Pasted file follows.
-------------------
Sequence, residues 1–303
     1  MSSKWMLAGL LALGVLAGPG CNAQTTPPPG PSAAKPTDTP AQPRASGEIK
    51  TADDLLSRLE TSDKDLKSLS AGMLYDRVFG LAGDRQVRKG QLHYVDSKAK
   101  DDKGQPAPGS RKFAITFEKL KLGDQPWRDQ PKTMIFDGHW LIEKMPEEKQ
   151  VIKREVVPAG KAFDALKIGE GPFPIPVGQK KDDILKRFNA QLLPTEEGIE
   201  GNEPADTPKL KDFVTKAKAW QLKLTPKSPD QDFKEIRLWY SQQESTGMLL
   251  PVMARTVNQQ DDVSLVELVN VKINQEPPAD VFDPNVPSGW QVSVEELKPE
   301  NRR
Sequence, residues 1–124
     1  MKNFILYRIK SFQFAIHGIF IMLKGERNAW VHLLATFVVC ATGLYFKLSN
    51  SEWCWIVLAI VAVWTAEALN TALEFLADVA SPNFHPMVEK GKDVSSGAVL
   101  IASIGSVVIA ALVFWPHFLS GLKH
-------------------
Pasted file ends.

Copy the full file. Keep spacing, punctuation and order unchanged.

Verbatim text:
Sequence, residues 1–303
     1  MSSKWMLAGL LALGVLAGPG CNAQTTPPPG PSAAKPTDTP AQPRASGEIK
    51  TADDLLSRLE TSDKDLKSLS AGMLYDRVFG LAGDRQVRKG QLHYVDSKAK
   101  DDKGQPAPGS RKFAITFEKL KLGDQPWRDQ PKTMIFDGHW LIEKMPEEKQ
   151  VIKREVVPAG KAFDALKIGE GPFPIPVGQK KDDILKRFNA QLLPTEEGIE
   201  GNEPADTPKL KDFVTKAKAW QLKLTPKSPD QDFKEIRLWY SQQESTGMLL
   251  PVMARTVNQQ DDVSLVELVN VKINQEPPAD VFDPNVPSGW QVSVEELKPE
   301  NRR
Sequence, residues 1–124
     1  MKNFILYRIK SFQFAIHGIF IMLKGERNAW VHLLATFVVC ATGLYFKLSN
    51  SEWCWIVLAI VAVWTAEALN TALEFLADVA SPNFHPMVEK GKDVSSGAVL
   101  IASIGSVVIA ALVFWPHFLS GLKH